‘Markets seem to be breaking past highs. Should I move out of equity? My fund has too many NBFC stocks. Should I change my fund?’ These are some of the questions that investors often ask. Then there are those investors keeping track of the market and demanding funds that invest in the sector they think are going to do well. So before you go down that path, know that trying to manage your fund portfolio actively based on every single event or opportunity will not leave your investments in good shape. Keep these points in mind before you start a mutual fund investment.
You have a fund manager running your fund
If you invest in a mutual fund, you agree to let the fund manager do stock picking and managing them. This is the very purpose of investing in mutual funds – to let a professional identify and manage stocks on your behalf, freeing you from the hassle of doing it yourself. If you wish to own specific stocks or sectors, you would only have to build your own stock portfolio. When you have an expert doing the job for you, it’s hardly sensible to micromanage your funds.
No funds for every theme
There are theme funds and sector funds but not one for every theme or sector. For instance, a fund with chemicals and fertilizers or defence as a theme would not be available for the simple reason that there are not enough stocks in the listed space to run such a fund.
However, what many theme funds do offer is provide a flavour of such micro themes within a broader play. For instance, ports may be part of an infrastructure or a logistics fund, defence as part of a capital goods and engineering theme and chemicals and fertilizers as part of a consumer theme. Hence, you may need to settle for micro themes by choosing a broader fund.
A diversified fund’s portfolio is not static
Sometimes investors look for diversified funds that have exposure to sectors the way they want it, or hold some micro themes to which they wish to take exposure. This is where it gets tricky. You start looking for a fund that will have highest weight to the theme for which you are looking. You may not find a fund that suits this requirement, or you may pick up a poorly performing one just because it has such desired exposures.
A diversified fund cannot completely ignore key sectors (banking, energy, IT, pharma and so on) that receive maximum weights in the index and instead go overboard on smaller sectors. They go a bit underweight (that is taking slightly lower exposure to the sector than the index) or overweight on the sectors they think are going to underperform or outperform. Ignoring key sectors in favour of smaller sectors may prove to be costly in staying ahead of the index moves.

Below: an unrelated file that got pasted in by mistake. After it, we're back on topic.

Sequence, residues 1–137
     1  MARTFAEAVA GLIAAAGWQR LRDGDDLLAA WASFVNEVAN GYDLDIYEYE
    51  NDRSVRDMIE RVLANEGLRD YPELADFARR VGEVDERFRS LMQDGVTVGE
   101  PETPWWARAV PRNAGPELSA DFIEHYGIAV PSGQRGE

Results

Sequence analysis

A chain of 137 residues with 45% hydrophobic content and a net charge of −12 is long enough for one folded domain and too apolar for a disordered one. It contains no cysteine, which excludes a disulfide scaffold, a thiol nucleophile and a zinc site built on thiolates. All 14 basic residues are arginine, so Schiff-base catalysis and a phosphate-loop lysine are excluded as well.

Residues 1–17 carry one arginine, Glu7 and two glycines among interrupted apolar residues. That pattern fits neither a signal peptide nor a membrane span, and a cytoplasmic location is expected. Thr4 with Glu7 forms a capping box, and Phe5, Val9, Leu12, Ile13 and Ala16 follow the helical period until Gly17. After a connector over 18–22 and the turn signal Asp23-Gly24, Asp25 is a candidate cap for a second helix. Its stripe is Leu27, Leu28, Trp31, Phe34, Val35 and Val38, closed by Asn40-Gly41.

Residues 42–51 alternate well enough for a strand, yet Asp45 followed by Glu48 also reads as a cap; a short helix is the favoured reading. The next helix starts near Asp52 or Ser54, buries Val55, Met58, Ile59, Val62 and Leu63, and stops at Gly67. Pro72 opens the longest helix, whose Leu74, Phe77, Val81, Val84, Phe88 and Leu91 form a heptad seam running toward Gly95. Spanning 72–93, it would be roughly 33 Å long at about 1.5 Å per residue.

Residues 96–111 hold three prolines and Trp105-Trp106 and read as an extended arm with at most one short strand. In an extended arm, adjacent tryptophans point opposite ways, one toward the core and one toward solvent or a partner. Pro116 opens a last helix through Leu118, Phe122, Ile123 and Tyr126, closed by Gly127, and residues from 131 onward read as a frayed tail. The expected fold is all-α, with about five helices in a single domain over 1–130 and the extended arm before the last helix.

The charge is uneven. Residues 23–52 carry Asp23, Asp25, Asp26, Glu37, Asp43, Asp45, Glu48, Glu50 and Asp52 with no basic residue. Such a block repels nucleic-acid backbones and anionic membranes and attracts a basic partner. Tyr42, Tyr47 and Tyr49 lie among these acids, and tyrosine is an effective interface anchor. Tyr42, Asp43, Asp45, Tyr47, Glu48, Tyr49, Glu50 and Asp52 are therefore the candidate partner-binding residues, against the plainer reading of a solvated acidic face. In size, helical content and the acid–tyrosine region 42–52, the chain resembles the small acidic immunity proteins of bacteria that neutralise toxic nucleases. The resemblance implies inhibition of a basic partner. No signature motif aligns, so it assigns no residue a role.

Besides, even if you do spot a fund with the exposure you seek, remember, the portfolio is subject to change. The fund manager may dynamically manage the portfolio and may rejig it after you invested in the fund. Conversely, the fund may well pick up stake in the sectors you seek in later months if it really does show potential. Hence, to expect a diversified equity fund to provide you with certain thematic exposure is not practical.
If you are that particular about owning some micro themes and are confident in your ability to correctly enter the theme and exit it, you can extend it a little further and own a couple of good stocks in that theme. But this is out of the range of most regular mutual fund investors. Further, always remember, the fund manager is tracking the reforms/changes in the macro environment and their impact on stocks/sectors more than we do, and doing it full-time, assisted by a research team.
Hence, the manager would anyway be tweaking the portfolio to tap into such potential. If this be the case, there may be little point in further trying to manage an expert-managed portfolio! Besides, if the idea of investing in mutual funds is to manage less, then there is little point in sweating it out to identify growth opportunities in the market.